The acts would travel around the country by train, arriving on a Sunday evening to start their week-long run on Monday. The train that brought them into Darlington also carried the week’s supply of fish from Grimsby for the town’s fish and chip shops. It was known as “the fish and actors special”.

Pepi wasn’t a good businessman – he may have owned a couple of unsuccessful racehorses – and he regularly flirted with bankruptcy. He didn’t mind enticing audiences with a little spice – La Milo was a naked impersonator of statues, and when the scandalously explicit dancer Maud Allan appeared at the Hippodrome in 1918, she was embroiled in the notorious “cult of the clitoris” libel case.

The highlight of the Pepi era was a “flying matinee” by Anna Pavlova, the greatest ballerina of all time. She performed to a starstruck full house on November 17, 1927, finishing with her trademark dying swan. Sadly, Pepi missed the show and died later that evening in his home in Tower Road of cancer of the left lung. He was 55.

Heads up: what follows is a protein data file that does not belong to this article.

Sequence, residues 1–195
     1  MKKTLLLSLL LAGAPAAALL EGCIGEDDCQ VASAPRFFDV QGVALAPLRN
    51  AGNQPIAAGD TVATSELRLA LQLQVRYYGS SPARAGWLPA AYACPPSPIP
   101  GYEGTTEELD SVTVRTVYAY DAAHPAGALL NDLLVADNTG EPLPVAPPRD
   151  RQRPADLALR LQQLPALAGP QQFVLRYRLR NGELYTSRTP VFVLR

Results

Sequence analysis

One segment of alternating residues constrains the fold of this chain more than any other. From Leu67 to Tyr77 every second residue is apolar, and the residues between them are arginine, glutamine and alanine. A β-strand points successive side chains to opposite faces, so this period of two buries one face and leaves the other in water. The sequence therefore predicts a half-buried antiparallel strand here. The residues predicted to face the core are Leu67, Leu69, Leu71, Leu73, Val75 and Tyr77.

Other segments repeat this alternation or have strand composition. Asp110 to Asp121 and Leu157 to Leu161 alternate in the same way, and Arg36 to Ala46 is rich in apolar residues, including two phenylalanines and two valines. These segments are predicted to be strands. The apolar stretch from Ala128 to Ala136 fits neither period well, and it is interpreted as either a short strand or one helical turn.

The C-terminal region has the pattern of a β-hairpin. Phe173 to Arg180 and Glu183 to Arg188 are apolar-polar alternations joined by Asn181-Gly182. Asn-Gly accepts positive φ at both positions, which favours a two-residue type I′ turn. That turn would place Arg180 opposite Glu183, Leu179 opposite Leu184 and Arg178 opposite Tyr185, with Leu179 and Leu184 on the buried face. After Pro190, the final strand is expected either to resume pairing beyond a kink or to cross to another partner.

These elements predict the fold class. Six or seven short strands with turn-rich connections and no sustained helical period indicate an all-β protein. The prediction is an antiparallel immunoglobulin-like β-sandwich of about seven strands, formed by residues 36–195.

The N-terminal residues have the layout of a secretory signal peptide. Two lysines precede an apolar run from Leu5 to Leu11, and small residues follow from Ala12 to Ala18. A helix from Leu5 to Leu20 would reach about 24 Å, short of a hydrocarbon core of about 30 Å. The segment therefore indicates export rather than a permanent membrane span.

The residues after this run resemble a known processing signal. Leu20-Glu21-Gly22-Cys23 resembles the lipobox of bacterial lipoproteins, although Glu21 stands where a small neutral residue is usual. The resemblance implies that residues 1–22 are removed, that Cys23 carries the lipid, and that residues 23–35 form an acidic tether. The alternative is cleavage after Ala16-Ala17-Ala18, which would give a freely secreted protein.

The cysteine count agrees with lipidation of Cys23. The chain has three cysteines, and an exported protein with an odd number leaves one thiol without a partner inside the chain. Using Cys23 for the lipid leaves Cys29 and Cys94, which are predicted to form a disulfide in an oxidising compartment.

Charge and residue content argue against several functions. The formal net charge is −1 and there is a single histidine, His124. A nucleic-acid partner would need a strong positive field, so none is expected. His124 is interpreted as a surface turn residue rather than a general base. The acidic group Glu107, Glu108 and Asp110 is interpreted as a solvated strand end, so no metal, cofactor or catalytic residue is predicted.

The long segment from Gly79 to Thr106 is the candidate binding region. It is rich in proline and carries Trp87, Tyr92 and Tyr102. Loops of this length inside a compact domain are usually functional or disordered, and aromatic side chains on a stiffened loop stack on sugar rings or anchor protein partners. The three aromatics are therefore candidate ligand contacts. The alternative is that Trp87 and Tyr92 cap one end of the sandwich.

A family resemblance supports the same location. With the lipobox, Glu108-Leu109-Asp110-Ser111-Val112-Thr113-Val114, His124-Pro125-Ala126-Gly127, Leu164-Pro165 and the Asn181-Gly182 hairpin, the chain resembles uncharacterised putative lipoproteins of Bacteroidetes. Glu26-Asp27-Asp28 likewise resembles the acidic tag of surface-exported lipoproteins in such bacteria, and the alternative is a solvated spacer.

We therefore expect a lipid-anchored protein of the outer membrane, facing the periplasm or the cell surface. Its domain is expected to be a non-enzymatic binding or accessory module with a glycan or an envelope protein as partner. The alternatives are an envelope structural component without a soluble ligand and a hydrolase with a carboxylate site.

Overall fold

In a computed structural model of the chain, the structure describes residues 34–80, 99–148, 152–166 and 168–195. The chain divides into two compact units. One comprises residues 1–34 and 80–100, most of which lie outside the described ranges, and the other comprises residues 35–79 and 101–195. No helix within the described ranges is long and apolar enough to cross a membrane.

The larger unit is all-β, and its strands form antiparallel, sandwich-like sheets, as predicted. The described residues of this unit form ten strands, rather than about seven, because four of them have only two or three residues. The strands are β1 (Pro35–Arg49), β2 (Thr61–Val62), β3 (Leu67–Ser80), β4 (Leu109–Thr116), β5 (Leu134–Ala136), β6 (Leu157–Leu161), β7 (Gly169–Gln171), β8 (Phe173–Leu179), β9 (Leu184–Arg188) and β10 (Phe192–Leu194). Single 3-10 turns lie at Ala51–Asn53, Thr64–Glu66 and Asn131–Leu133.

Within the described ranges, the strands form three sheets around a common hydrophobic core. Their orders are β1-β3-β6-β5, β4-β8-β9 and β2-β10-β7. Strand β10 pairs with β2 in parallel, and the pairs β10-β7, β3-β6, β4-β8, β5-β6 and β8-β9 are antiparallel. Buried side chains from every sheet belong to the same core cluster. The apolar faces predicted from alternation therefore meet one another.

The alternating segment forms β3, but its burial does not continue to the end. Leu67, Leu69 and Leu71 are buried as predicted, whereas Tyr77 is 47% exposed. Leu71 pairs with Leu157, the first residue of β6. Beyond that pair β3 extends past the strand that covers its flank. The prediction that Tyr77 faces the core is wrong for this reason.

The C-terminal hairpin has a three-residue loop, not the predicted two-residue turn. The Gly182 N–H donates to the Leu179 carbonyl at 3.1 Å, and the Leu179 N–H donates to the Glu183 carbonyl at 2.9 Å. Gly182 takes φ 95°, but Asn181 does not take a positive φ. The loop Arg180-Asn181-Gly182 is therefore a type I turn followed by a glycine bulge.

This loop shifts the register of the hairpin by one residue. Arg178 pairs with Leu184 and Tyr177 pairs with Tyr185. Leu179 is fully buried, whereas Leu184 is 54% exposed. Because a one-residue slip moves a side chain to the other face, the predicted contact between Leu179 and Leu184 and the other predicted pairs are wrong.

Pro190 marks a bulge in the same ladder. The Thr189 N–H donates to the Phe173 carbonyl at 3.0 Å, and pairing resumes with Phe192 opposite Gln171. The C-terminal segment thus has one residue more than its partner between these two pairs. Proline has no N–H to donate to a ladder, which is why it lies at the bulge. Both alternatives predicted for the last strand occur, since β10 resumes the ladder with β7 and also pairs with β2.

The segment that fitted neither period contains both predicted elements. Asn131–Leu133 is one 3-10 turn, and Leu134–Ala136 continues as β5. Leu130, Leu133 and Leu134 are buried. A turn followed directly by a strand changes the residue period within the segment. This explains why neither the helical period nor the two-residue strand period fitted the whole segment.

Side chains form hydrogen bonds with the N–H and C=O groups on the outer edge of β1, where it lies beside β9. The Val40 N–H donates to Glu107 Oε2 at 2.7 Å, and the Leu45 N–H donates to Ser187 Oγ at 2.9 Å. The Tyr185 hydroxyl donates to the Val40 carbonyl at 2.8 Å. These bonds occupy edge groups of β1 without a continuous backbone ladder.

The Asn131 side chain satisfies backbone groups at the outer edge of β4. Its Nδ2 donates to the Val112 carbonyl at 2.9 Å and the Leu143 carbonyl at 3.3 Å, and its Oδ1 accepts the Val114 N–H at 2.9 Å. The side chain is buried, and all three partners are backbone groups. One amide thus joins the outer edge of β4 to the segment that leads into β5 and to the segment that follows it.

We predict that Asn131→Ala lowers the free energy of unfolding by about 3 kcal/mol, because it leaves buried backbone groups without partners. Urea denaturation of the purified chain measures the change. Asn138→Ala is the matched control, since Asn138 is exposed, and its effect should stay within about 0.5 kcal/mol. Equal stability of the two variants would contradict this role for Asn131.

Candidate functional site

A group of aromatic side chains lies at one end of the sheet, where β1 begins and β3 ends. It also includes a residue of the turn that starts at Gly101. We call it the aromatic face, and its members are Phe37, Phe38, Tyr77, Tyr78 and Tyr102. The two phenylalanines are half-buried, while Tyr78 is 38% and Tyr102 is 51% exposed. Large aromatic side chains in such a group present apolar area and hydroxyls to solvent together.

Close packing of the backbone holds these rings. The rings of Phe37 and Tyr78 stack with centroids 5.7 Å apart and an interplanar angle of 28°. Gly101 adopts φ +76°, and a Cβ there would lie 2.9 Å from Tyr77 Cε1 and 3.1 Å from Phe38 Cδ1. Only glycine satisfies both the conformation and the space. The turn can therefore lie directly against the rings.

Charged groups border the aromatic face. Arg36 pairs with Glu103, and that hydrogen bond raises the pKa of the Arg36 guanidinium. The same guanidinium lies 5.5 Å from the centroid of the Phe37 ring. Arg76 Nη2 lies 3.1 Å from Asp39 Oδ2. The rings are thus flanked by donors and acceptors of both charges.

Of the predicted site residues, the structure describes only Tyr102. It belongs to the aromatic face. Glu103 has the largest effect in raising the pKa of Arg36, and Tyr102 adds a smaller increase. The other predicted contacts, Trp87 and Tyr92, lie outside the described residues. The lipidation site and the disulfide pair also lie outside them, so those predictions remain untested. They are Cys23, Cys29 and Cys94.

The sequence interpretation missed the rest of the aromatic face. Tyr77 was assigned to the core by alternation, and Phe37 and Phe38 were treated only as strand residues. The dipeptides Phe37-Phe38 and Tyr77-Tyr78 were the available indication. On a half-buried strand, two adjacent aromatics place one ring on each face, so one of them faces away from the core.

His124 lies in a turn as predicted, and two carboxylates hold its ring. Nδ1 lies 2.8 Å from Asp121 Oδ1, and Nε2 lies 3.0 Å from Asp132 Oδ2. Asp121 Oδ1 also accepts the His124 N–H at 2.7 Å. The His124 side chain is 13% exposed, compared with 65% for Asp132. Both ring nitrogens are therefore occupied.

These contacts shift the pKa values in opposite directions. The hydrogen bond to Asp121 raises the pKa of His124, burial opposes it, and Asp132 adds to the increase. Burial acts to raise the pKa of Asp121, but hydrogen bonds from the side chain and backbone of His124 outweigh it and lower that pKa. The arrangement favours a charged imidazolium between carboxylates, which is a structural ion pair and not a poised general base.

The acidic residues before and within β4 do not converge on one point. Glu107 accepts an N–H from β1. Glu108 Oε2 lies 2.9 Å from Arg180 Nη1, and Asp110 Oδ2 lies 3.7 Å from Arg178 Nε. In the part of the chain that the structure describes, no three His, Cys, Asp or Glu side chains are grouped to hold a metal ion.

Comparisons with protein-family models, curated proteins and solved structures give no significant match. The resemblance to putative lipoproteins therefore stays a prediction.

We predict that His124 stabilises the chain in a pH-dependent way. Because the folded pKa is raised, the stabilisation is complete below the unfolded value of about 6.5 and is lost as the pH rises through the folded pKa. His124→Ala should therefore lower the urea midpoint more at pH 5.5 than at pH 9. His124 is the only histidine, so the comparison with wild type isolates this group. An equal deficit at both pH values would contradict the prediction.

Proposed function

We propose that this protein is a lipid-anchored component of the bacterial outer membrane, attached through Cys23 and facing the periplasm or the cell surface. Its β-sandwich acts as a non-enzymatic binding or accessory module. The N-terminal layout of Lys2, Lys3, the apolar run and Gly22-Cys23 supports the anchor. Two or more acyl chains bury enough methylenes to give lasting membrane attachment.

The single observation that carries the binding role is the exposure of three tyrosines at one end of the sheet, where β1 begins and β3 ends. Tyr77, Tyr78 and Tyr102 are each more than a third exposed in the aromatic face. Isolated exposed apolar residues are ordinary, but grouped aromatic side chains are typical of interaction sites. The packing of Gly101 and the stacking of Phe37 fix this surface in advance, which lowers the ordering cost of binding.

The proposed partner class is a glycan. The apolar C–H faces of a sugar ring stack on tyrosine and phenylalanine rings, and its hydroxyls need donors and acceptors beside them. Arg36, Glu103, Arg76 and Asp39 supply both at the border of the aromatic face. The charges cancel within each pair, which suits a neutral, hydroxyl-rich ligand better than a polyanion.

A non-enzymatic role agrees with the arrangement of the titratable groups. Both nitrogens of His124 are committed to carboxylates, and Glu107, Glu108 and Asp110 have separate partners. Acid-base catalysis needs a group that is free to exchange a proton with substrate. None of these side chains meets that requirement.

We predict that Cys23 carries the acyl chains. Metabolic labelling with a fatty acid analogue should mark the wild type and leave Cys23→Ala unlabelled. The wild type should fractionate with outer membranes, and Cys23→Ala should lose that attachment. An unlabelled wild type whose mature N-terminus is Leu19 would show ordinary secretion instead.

Pepi was buried with the countess in Barrow, although the hearse carrying his body over the A66 was delayed by freezing fog which is apparently symbolic of his reluctance to leave Darlington. His ghost was regularly spotted in dressing room number five, which had been his one-bedroom apartment. The current redevelopment has obliterated the dressing room, so Pepi will have to concentrate on his other haunt: the royal box stage right, just a few seconds before curtain up.

A pesky ghost in the theatre is said to be that of Maud Darling, a Darlington-born Edwardian actress (her real name was Olive Watson) who had a connection with Pepi. There’s also a ghost of a Scotsman called Jimmy, a cigar-smoking doorman and a lovelorn girl who jumps from the balcony. During the redevelopment, all manner of new ghosts revealed themselves, perhaps due to the technical difficulties of taking photographs on cameraphones in a building full of shadows.

The second impresario was William McIntyre, a civil engineer recruited from the ranks of the Darlington Operatic Society. But times were changing: films were far more fashionable than live theatre, and McIntyre was forced out in 1932.